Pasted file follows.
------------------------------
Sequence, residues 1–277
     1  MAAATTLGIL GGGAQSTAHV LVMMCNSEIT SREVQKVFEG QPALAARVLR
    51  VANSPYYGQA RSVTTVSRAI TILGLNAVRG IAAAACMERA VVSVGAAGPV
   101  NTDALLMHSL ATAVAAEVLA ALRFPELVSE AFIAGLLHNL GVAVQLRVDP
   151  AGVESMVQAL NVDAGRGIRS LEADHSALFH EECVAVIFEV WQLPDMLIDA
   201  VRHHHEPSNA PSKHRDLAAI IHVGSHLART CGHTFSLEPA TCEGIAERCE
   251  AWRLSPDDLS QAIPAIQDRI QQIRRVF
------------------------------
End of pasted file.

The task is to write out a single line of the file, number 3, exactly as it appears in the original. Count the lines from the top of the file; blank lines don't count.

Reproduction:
    51  VANSPYYGQA RSVTTVSRAI TILGLNAVRG IAAAACMERA VVSVGAAGPV